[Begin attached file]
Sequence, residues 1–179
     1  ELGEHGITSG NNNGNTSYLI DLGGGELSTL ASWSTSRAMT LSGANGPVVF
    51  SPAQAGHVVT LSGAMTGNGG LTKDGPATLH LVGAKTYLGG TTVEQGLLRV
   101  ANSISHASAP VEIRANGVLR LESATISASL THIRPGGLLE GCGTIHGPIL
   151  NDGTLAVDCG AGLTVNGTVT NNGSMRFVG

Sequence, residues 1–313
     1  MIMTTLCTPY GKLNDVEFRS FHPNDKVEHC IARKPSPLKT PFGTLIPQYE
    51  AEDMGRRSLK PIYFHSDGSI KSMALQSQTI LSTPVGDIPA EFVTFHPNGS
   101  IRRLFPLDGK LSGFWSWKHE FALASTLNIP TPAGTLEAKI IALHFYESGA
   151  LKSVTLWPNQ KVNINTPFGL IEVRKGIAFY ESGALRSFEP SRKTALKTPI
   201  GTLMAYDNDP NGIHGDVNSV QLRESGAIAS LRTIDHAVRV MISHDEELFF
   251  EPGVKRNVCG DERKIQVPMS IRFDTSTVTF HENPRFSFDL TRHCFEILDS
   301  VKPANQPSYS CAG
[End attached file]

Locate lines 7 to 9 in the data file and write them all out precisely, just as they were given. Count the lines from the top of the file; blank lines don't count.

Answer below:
     1  MIMTTLCTPY GKLNDVEFRS FHPNDKVEHC IARKPSPLKT PFGTLIPQYE
    51  AEDMGRRSLK PIYFHSDGSI KSMALQSQTI LSTPVGDIPA EFVTFHPNGS
   101  IRRLFPLDGK LSGFWSWKHE FALASTLNIP TPAGTLEAKI IALHFYESGA